The benefits of the Disability and Rehabilitation Research Projects and Centers Programs have been well established over the years in that similar projects have been completed successfully. These proposed priorities will generate new knowledge and technologies through research, development, dissemination, utilization, and technical assistance projects.

Another benefit of these proposed priorities is that the establishment of new DRRPs will support the President's NFI and will improve the lives of individuals with disabilities. The new DRRPs will generate, disseminate, and promote the use of new information that will improve the options for individuals with disabilities to perform regular activities in the community.

Intergovernmental Review

This program is not subject to Executive Order 12372 and the regulations in 34 CFR part 79. Start Printed Page 31083

Applicable Program Regulations: 34 CFR part 350.

Electronic Access to This Document

You may view this document, as well as all other Department of Education documents published in the Federal Register, in text or Adobe Portable Document Format (PDF) on the Internet at the following site: http://www.ed.gov/​news/​fedregister.

To use PDF you must have Adobe Acrobat Reader, which is available free at this site. If you have questions about using PDF, call the U.S. Government Printing Office (GPO), toll free, at 1-888-293-6498; or in the Washington, DC, area at (202) 512-1530.

Note:

The official version of this document is the document published in the Federal Register. Free Internet access to the official edition of the Federal Register and the Code of Federal Regulations is available on GPO Access at: http://www.gpoaccess.gov/​nara/​index.html.

(Catalog of Federal Domestic Assistance Numbers 84.133A Disability Rehabilitation Research Projects)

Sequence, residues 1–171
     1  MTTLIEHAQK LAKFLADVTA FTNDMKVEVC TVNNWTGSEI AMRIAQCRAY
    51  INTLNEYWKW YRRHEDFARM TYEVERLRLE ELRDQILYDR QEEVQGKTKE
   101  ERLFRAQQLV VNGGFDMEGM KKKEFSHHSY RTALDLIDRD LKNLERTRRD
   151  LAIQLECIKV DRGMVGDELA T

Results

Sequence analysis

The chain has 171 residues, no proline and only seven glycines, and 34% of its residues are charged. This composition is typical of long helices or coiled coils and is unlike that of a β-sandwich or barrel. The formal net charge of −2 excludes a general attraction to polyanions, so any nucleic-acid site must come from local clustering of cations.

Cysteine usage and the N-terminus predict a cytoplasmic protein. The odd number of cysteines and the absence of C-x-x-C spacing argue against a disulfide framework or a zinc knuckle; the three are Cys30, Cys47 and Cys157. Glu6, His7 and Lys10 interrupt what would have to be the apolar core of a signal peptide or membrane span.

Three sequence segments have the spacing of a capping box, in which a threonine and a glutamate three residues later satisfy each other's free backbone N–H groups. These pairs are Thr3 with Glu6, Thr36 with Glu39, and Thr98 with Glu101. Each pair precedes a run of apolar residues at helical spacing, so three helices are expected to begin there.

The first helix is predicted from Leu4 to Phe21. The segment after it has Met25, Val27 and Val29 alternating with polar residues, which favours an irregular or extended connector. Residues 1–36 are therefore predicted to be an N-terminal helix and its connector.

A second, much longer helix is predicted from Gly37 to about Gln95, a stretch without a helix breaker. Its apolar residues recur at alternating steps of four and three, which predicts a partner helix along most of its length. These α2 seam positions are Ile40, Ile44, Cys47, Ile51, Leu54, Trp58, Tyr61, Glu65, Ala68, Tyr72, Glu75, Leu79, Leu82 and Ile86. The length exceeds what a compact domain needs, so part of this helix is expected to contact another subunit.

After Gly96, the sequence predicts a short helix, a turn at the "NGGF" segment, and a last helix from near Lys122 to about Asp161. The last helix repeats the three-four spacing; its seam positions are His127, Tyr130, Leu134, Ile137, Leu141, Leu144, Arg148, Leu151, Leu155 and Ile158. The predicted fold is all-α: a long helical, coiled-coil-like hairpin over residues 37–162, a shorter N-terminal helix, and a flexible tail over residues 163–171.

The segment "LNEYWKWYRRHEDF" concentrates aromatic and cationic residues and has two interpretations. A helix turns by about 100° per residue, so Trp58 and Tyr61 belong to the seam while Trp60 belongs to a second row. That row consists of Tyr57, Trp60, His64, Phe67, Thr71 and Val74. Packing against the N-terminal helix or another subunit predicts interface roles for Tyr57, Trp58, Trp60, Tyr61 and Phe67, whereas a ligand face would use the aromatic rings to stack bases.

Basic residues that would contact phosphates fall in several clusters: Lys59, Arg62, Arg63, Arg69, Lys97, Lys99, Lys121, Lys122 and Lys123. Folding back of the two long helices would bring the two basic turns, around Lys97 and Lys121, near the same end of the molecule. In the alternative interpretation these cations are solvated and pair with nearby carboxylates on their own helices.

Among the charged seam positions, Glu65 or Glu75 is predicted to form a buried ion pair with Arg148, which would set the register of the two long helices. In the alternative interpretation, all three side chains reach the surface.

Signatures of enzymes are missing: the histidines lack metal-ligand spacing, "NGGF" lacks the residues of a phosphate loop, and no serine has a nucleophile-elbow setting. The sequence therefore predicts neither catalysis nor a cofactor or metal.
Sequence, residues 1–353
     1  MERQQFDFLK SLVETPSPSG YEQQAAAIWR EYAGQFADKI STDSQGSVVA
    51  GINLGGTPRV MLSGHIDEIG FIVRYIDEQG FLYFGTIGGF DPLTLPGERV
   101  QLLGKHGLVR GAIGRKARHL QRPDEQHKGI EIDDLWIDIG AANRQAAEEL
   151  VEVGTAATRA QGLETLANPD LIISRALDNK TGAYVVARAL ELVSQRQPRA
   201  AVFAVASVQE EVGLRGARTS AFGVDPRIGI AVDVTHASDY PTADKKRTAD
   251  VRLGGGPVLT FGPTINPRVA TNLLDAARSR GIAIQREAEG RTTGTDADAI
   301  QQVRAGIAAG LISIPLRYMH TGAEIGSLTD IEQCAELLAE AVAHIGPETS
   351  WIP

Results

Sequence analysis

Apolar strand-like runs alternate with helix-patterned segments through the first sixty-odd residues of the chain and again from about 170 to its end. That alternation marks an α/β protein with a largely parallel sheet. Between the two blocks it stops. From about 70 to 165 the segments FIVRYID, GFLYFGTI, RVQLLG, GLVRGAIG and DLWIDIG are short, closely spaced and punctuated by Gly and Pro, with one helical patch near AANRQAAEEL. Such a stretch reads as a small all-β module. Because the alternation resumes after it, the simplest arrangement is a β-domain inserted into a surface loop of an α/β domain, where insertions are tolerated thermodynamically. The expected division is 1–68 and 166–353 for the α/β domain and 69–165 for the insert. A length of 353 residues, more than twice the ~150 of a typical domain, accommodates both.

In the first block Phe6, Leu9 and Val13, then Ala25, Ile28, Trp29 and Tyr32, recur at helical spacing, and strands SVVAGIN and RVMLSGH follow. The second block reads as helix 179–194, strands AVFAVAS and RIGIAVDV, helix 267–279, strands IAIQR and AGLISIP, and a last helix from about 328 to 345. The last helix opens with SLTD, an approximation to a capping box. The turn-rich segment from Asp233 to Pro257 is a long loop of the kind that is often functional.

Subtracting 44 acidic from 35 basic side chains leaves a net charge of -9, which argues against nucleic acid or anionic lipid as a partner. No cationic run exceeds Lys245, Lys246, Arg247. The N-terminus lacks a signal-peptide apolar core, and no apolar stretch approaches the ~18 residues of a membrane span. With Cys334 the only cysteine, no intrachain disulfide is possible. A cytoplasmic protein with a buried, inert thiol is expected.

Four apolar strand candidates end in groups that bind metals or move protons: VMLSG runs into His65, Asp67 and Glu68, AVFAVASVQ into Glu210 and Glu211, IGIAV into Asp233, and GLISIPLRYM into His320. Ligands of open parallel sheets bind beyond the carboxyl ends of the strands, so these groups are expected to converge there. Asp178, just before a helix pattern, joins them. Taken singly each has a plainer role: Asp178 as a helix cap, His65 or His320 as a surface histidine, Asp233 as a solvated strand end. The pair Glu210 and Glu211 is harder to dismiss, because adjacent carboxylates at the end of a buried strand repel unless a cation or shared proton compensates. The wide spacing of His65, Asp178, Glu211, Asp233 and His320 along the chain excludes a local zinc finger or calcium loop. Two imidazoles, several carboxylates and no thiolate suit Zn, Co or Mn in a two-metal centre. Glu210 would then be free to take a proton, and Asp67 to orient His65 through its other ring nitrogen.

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Program Authority: 29 U.S.C. 762(g) and 764(a).

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Dated: May 27, 2008.

William W. Knudsen,

Deputy Assistant Secretary for Special Education and Rehabilitative Services.

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Footnotes

1.  In the regulations for the Department's State VR program, an employment outcome is defined as entering or retaining full-time or, if appropriate, part-time competitive employment, as defined in 34 CFR 361.5(b)(11), in the integrated labor market, supported employment, or any other type of employment in an integrated setting, including self-employment, telecommunicating, or business ownership, that is consistent with an individual's strengths, resources, priorities, concerns, abilities, capabilities, interests, and informed choice (see 34 CFR 361.5(b)(16)).

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2.  Federal law and regulations (section 101(a)(5) of the Act and 34 CFR 361.36) stipulate that if a State VR agency does not have the resources to serve all eligible VR consumers, it must serve first those who have “the most significant disabilities.”

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3.  Under 34 CFR 361.5(b)(45) of the regulations for the State vocational rehabilitation (VR) program and consistent with section 7(30) of the Rehabilitation Act of 1973 as amended, 29 U.S.C. 705(30) (Act), RT means the systematic application of technologies, engineering methodologies, or scientific principles to meet the needs of and address the barriers confronted by individuals with disabilities in areas which include education, rehabilitation, employment, transportation, independent living, and recreation. The term includes rehabilitation engineering, assistive technology devices, and assistive technology services.

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[FR Doc. E8-12121 Filed 5-29-08; 8:45 am]